Some of the elementary ballistics of the shotgun have been presented in the hope that an understanding of this weapon and the missiles it fires will aid in the surgical care of shotgun wounds.
Variations in the wounds inflicted with this weapon are described as well as the apparent differences in susceptibility of various tissues.
The necessity of suspecting the presence of wadding in close-range wounds and of removing it is stressed. The difficulty in closing the wound to be anticipated in most cases of shotgun-blast injury is also described.
From our brief experience recounted here, we would recommend thorough routine debridement; an extensive search for wadding in penetrating wounds, including a counter incision; and secondary wound coverage with split-thickness skin when granulation tissue has formed intact surfaces, all spaces are obliterated, and there is no drainage from the depths of the wound.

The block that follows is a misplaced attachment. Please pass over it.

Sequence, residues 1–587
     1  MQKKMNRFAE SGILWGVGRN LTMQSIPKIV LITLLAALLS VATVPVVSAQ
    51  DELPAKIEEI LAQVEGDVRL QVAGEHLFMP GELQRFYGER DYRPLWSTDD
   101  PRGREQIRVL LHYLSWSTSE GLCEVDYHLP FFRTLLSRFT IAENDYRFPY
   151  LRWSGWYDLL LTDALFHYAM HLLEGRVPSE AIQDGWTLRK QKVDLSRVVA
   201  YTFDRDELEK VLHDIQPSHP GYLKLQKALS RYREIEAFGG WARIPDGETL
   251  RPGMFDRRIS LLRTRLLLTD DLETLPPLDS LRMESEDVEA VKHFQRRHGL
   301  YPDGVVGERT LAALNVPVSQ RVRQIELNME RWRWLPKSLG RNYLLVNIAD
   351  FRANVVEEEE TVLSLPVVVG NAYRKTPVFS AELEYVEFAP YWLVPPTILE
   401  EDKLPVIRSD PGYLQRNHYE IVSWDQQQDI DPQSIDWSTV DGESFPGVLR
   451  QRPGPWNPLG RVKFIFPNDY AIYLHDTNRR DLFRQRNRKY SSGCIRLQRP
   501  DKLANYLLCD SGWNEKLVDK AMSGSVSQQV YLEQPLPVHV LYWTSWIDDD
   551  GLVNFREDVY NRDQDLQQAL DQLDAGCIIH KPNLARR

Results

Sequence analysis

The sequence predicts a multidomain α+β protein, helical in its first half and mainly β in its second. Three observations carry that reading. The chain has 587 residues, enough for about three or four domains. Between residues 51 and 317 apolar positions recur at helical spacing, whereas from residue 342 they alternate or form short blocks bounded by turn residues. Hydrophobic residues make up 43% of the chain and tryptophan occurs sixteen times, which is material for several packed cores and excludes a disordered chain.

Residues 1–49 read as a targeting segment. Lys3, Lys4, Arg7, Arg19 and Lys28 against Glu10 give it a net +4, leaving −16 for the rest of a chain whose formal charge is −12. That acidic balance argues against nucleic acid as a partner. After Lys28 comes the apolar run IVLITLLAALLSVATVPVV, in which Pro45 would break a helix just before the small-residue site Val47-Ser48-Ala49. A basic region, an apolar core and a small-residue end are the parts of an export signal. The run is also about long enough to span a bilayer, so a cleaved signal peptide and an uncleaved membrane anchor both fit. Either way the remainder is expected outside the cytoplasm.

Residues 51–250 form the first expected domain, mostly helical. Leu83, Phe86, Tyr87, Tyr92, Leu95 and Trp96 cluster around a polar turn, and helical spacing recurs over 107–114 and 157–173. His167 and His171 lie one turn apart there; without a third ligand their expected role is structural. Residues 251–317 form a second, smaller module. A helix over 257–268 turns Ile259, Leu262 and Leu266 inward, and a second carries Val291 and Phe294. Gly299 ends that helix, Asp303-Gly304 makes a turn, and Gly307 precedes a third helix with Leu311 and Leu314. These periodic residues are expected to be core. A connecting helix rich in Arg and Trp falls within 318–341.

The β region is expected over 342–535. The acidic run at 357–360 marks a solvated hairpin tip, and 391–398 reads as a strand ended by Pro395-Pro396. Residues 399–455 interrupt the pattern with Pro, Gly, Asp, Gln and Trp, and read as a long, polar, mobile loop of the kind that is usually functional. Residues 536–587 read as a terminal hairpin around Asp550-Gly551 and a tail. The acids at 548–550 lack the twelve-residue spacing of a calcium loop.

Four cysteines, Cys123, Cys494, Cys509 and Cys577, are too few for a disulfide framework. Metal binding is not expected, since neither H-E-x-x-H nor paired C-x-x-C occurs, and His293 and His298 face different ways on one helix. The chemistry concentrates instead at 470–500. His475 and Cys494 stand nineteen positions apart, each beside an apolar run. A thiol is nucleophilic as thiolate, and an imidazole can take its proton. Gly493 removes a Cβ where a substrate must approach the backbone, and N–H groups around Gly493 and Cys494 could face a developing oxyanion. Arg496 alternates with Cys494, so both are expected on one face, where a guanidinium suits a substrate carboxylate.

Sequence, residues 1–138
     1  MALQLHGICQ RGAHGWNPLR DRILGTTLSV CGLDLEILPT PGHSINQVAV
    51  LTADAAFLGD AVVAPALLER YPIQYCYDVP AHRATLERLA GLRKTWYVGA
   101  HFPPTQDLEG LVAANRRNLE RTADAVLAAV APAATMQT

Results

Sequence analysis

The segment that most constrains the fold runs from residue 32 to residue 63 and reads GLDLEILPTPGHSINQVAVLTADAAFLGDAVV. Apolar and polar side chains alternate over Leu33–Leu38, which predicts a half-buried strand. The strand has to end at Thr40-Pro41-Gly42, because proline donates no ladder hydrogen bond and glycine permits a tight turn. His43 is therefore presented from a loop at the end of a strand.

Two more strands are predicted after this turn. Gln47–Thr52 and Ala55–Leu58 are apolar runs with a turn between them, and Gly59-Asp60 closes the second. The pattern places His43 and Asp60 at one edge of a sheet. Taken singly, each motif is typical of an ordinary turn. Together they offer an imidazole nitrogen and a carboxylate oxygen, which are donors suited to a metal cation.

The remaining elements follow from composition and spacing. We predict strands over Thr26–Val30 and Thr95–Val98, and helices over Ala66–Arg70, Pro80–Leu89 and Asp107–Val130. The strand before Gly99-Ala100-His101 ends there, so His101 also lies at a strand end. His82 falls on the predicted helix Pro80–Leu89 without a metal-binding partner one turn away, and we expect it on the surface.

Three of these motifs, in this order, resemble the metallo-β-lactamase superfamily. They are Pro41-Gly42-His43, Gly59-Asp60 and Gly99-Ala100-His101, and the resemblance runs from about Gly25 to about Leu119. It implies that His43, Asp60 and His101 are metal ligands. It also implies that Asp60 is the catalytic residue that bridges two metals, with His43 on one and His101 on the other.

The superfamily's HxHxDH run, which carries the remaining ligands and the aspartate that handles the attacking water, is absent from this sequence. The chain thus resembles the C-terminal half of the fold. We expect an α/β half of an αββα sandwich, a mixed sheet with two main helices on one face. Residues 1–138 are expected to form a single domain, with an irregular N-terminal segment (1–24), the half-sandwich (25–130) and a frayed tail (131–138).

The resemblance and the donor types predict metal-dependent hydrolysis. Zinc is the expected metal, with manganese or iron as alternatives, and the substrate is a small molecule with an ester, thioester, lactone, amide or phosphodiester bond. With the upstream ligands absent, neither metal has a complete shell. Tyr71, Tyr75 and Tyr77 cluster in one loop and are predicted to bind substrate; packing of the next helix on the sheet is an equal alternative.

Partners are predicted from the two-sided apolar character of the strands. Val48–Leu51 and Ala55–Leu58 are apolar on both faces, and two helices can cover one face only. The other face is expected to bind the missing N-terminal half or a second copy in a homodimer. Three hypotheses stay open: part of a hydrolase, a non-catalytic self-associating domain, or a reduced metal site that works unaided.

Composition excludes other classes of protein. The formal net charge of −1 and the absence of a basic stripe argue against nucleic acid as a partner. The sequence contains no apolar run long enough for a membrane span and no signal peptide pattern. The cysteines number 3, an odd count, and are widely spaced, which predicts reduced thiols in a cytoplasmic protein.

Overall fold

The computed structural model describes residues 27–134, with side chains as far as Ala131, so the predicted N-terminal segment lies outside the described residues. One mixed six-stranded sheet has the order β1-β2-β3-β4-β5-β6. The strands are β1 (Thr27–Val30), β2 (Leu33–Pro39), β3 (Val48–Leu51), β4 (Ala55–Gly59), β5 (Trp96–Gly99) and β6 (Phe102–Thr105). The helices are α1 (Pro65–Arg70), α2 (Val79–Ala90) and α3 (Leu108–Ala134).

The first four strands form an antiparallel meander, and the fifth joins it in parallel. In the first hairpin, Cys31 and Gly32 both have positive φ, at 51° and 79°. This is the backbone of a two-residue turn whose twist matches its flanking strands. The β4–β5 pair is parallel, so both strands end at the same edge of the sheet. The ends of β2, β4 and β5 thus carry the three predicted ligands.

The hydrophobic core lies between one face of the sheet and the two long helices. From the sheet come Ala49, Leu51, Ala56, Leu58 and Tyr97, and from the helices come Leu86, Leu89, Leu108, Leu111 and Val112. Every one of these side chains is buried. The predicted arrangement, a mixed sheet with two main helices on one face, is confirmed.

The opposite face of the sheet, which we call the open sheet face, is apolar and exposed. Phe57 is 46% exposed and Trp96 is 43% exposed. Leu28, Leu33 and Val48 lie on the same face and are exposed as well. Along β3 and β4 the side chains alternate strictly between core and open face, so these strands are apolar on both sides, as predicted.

Exceptions will be encountered, notably in the hand, wrist, and possibly the forearm, where earlier closure must be attempted to preserve the function of multiple, closely arranged gliding structures.
Copyright 1966 by The Journal of Bone and Joint Surgery, Incorporated